A finely carved jichimu and boxwood inlaid, zitan-framed ‘landscape’ panel Qing dynasty, Qianlong period | 清乾隆 紫檀框嵌雞翅木及黃楊木雕山水樓閣圖掛屏
Property from a French family collection, Brittany | 法國私人收藏
Property from a French family collection, Brittany
A finely carved jichimu and boxwood inlaid, zitan-framed ‘landscape’ panel
Qing dynasty, Qianlong period
depicting a vernacular mountainous landscape composed of steep rocks from which pine trees, paulownias and weeping willows grow, the landscape animated by pagodas, palaces and bridges, the background treated in a subtle gradation going from deep blue, to white and then to ochre-green, the back of the panel lacquered in black, the zitan frame sculpted with a frieze of ruyi
102.7 x 70.9 cm, 40 3/8 in. by 27 7/8 in.
Collection particulière française
Important panneau impérial en bois de buis et jichimu sculptés et incrustés dans un cadre en zitan, dynastie Qing, époque Qianlong
The panel is very much in its original condition. There is surface wear, some crackling and soiling to the blue lacquer ground all consistent with age and visible on the photo. There are some small expected losses to the inlays, including a small section of a paulownia tree to the lower right side of the panel which is missing as well as the upper section of the inlaid figure next to it (showing on the illustration in the catalogue). There is repair to the upper branch of the willow tree to the upper right area next to the fisherman with a small section also missing and there is an old restoration in the blue ground above the boat. One of the inlaid figure to the left of the panel is missing as well as a cluster of pine needles to the top left pine tree. Further occasional minute nicks or small flakes as expected. The blue lacquer ground would probably very nicely clean to its original light blue colour after removing the dirt on it. The handle is likely to be a later replacement at the end of the Qing dynasty (compare with the handle on the other related panel from the same set we sold in these rooms in December 2020). The zitan frame is in good condition and the black lacquered back of the panel is unsealed. The scene is very well carved, especially the rocky formations which are very detailed and dramatic.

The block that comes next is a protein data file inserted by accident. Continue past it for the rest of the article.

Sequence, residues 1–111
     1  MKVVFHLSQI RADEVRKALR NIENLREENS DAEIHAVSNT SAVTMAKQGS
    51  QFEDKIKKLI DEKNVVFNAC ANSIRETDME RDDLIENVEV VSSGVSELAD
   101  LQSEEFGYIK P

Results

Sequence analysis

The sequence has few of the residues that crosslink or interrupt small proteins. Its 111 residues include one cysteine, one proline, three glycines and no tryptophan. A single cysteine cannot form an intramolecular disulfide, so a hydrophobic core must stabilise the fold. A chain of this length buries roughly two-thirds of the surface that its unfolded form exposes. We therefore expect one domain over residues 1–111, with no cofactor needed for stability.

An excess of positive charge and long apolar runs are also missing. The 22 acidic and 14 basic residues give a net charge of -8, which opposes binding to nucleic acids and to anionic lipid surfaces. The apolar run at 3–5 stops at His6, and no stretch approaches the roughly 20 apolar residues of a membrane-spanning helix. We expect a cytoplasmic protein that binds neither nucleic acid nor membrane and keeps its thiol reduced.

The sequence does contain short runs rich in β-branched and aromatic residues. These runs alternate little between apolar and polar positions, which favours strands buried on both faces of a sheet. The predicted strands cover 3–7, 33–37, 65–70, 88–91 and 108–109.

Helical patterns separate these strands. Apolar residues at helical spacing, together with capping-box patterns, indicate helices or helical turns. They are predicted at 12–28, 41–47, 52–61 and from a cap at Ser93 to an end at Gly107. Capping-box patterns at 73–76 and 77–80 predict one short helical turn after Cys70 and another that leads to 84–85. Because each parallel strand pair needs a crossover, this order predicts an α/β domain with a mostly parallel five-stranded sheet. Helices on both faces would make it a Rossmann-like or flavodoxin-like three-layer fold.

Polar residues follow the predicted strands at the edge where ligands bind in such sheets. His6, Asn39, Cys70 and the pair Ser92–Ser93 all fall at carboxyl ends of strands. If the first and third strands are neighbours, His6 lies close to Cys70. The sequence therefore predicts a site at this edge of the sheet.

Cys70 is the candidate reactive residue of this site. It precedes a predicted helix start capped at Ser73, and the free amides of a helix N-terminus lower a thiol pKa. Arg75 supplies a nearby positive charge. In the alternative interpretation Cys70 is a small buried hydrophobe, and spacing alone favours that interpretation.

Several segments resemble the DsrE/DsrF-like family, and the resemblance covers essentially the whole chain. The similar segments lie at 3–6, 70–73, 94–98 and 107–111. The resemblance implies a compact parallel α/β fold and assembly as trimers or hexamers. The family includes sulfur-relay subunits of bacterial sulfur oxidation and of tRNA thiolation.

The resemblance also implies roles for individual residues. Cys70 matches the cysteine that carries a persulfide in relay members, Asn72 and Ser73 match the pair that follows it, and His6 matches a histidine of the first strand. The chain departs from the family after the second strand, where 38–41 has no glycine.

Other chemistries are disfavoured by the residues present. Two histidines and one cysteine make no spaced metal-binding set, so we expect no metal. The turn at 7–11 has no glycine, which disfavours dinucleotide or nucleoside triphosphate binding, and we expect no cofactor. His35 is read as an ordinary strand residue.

In response to your inquiry, we are pleased to provide you with a general report of the condition of the property described above. Since we are not professional conservators or restorers, we urge you to consult with a restorer or conservator of your choice who will be better able to provide a detailed, professional report. Prospective buyers should inspect each lot to satisfy themselves as to condition and must understand that any statement made by Sotheby's is merely a subjective qualified opinion. NOTWITHSTANDING THIS REPORT OR ANY DISCUSSIONS CONCERNING CONDITION OF A LOT, ALL LOTS ARE OFFERED AND SOLD "AS IS" IN ACCORDANCE WITH THE CONDITIONS OF SALE PRINTED IN THE CATALOGUE.
Hôtel des ventes de Vannes, Etude Ruellan, 18th May 2002, lot 235.
Hanging screens either carved from wood or inlaid in various materials became popular pieces of furniture in the early Qing dynasty. Often displayed in pairs or in sets, these panels adorned many halls and rooms in the private quarters of the Forbidden City or preserved in the Imperial summer retreat in Chengde where several great examples of these landscape decorative panels are preserved. Conceived as highly engaging three-dimensional paintings, hanging screens began to be produced in the Kangxi reign, but peaked in popularity during the Qianlong period, when they were made in a variety of media. The most sophisticated examples were made in the Zaobanchu (Imperial Palace Workshop), where skilled artisan often collaborated to create the most innovative works of art for the imperial court.
The frame of finely carved zitan, the most valued timber available to wood carvers and furniture makers, makes this panel particularly special. Zitan was the favoured timber of the Ming and Qing court, and its long growth period and limited availability made it especially valuable. Its silky texture and fine dense grain made it ideal for intricate carving as it allowed craftsmen to successfully capture texture, evident here in the rendering of distant hills and rocks. The subtle and deep lustre of the wood and its characteristic chestnut colour, which turns purplish-black after prolonged exposure to air, was fully exploited on this panel through its contrast with the lighter boxwood and coloured background.
The companion panel to this panel sold in these rooms, 11th December 2020, lot 90.
Compare also related composite wood inlaid panels preserved in the imperial summer retreat in Chengde as well as several other related panels with a landscape preserved in the Palace Museum, Beijing. For instance, accession no. 00210623. See also two table screens inlaid mainly in zitan, also in the Palace Museum, accession no. 00209206 and no. 00209215; and a much larger throne screen illustrated in The Complete Collection of Treasures in the Palace Museum. Furniture of the Ming and Qing Dynasties, Hong Kong, 2002, pl. 201.
相對紅木，以紫檀嵌飾的掛屏極為罕見。參考北京故宮藏嵌紅木掛屏（故 00210623），另可比較該院藏兩面嵌紫檀插屏（故 00209206、故 00209215），或一座尺寸碩大的屏風，收錄在《故宮博物院藏文物珍品全集．明清家具》，香港，2002，圖版201。